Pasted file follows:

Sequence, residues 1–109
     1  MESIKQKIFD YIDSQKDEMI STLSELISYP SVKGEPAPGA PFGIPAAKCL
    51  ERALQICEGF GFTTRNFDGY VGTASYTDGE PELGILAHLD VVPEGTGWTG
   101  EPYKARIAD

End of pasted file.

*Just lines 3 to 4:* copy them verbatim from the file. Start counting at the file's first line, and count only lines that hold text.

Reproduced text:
    51  ERALQICEGF GFTTRNFDGY VGTASYTDGE PELGILAHLD VVPEGTGWTG
   101  EPYKARIAD